Tag Archives: southwestern flavor

Homemade Green Pork Chile

green pork chile

green pork chile

Late summer ushers in a garden favorite… chilis!  Yes, as warm days wind to a close, these spicy peppers make an appearance at road-side stands, farmers’ markets,  CSAs, grocery stores, and even backyard gardens across the country.  You see, chilis are an important part of a southwestern fall classic; green pork chile.

Now just any chili won’t work in this luscious dish.  My personal favorite are hatch chilis.  But if you do not have access to them, Big Jim and Anaheim work well.  You could even toss in a few jalapenos or a poblanos into the pot, but just make sure they are roasted.

Green Pork Chile

  • 2 lbs. of smoked pork, cubed
  • 1 1/2 lbs. of Hatch chilis, roasted/deseeded/skins removed & chopped
  • 1 1/2 lbs of potatoes, cubed
  • 1 large onion, chopped
  • 5 – 6 cloves of garlic, minced
  • 2 tbsp. butter
  • 2 tsp. ground cumin
  • 1 1/2 tsp. Mexican oregano
  • 2 quarts chicken stock
  • 3/4 C. tomatillo salsa
  • 2 tsp. salt
  • water (optional)

In a large stock pot over medium heat, saute the onion and garlic until translucent.  Add the cumin, chilis, oregano, and salt.  Stir to combine.

roasted Hatch chilis

roasted Hatch chilis

Next, pour in the stock.  Bring to a boil.  Add the potatoes and the tomatillo salsa.  Cook until the potatoes are done (about 15 – 20 minutes).

Take a stick blender and blend part of the soup, leaving some vegetables in cubes or you can completely blend the mixture to your desired consistency.  (Personally, I like a thick chile).

Now add the pork, put a lid on the pot, and reduce the heat to low.  Allow the green chili to cook for another 45 minutes, lifting the lid to stir occasionally to prevent sticking to the bottom of the pot.  If mixture is a little too thick for your taste, add in some water to thin.

smoked pork butt

smoked pork butt

Taste for seasoning and add more salt if desired.

Remove chile from heat and serve.

NOTE: this is great eaten as a soup.  You may also serve it over cooked rice, burritos, or thick-cut wedge fries.

Homemade Chipotles in Adobo

homemade chipotles in adobo

homemade chipotles in adobo

You know you love them.  Hot.  Spicy.  Flavorful.  There is just no denying this flavor of the southwest.  And if you have access to plenty of vine-ripe tomatoes and chipotles, you too can make chipotles in adobo rather than buying them at the grocery store.

Chipotles in Adobo

  • 14 C. tomatoes, rough chopped
  • 2 C. onions
  • 6 large cloves garlic, chopped
  • 2 oz. or 3 large ancho chiles, dried
  • 1 qt. apple cider vinegar
  • 1 tsp. ground cloves
  • 1 tsp. allspice
  • 1 tsp. cinnamon
  • 1 1/2 tsp. ground cumin
  • 1/4 C. black strap molasses
  • 1 C. honey
  • 3 Tbs. dried oregano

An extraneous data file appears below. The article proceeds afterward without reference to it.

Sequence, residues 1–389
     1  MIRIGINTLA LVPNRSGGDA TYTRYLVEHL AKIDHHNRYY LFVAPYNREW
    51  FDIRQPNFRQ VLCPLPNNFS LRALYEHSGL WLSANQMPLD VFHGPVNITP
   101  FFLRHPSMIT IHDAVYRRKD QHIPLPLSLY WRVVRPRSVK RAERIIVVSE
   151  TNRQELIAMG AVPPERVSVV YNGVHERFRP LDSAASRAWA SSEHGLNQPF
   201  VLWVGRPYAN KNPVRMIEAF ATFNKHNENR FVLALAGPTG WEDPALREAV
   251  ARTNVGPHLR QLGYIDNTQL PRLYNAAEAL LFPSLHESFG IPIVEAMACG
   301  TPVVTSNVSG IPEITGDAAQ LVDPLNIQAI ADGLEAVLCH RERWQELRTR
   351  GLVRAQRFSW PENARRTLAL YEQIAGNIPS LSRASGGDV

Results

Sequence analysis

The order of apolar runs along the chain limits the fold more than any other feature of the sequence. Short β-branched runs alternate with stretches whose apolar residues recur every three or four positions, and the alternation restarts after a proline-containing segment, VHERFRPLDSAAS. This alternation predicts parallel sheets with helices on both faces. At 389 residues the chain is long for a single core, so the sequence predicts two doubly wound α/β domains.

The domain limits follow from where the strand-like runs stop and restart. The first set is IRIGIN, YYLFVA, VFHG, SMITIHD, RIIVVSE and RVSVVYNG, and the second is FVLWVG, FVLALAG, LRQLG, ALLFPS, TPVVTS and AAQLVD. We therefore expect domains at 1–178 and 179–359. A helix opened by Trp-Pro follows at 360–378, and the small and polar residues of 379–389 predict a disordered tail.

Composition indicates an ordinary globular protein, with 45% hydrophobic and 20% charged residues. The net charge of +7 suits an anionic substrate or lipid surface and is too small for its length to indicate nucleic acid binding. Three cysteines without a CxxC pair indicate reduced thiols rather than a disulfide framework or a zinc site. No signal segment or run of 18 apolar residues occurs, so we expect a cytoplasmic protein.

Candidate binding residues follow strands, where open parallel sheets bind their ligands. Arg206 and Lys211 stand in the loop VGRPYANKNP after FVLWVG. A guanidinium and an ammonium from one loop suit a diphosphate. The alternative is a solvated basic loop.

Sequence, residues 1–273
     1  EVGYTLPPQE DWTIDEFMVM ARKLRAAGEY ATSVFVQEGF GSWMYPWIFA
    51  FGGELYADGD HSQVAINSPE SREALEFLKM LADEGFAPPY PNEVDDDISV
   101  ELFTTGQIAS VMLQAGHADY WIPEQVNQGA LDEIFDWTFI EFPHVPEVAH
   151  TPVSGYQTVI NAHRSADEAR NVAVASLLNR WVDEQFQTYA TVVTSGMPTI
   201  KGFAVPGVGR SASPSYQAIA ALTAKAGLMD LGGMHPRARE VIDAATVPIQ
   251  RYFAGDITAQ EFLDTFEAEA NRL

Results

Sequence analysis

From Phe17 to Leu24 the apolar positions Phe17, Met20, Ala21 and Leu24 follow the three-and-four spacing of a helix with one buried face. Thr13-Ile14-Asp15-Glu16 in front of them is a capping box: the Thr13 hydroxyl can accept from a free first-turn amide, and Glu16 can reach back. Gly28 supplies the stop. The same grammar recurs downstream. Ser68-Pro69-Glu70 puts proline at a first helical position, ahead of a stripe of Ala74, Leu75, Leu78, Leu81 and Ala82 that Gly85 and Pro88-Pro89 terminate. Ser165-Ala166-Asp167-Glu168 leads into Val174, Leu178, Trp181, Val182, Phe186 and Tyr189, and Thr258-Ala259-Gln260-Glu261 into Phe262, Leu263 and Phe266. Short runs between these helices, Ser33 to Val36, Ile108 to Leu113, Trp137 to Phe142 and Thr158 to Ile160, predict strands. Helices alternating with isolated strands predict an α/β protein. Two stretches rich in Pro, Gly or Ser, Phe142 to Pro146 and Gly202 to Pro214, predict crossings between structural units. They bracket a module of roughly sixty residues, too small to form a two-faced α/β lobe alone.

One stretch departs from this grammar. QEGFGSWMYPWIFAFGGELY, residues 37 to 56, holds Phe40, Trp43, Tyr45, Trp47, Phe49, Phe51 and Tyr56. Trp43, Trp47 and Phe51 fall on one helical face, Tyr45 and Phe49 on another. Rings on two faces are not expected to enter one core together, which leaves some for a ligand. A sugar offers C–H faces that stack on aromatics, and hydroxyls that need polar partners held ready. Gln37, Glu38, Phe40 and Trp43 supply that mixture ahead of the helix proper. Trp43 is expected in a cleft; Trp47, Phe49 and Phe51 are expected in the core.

• 1 tsp fresh ground black pepper
  • 1 Tbs. kosher salt
  • 8 oz. chipotles (about 80 – 85 small dried chipotles)

Remove stems and seeds from ancho chiles.  Discard the stems and seeds.  Place the anchos in a pot and add enough water to cover them by 1/2″.  Bring to boil.  Reduce heat and simmer for 10 – 15 minutes (or until the chiles are soft).

cooking down adobo sauce

cooking down adobo sauce

Place chipotles into another pot with enough water to cover them by 1″.  Bring to a boil and then reduce heat and simmer for 15 minutes (or until the chipotles are soft… add more water if needed).   Once chipotles are completely soft, drain the water and set chipotles to the side.

Meanwhile, place everything but the chipotles and anchos into a heavy-bottomed pot.  Bring to a boil and then reduce to a simmer, stirring occasionally.  When the onions are translucent, add the softened anchos and 1 cup of water they were simmered in.   Transfer contents of pot (the tomato, ancho, onion, and spice mixture) to a large blender and puree (may have to work in batches).  If you have an immersion blender, use that instead.

Add the chipotles to the pureed mixture.  Reduce heat of pot to a bare simmer and cook for approximately 30 minutes.  Stir occasionally.  This length of time is need to reduce the sauce to the desired consistency.  (It should not be so thin that it is soupy, and not so thick that it is like ketchup).

chipotles added to adobo sauce

chipotles added to adobo sauce

Fill half pint sterilized (and still warm) jars with sauce and chipotles (about 6 – 7 per jar), leaving 1/2″ headspace.  Process in a pressure canner for 15 minutes.

Your own chipotles in adobo can be used in a variety of dishes: stews, chilis, enchiladas, salsas, ketchup, deviled eggs (yes… it adds a great spicy heat), and even homemade dips and mayonnaise.  So give it a try.  Homemade chipotles in adobo provides a fantastic flavor that will leave you wanting more.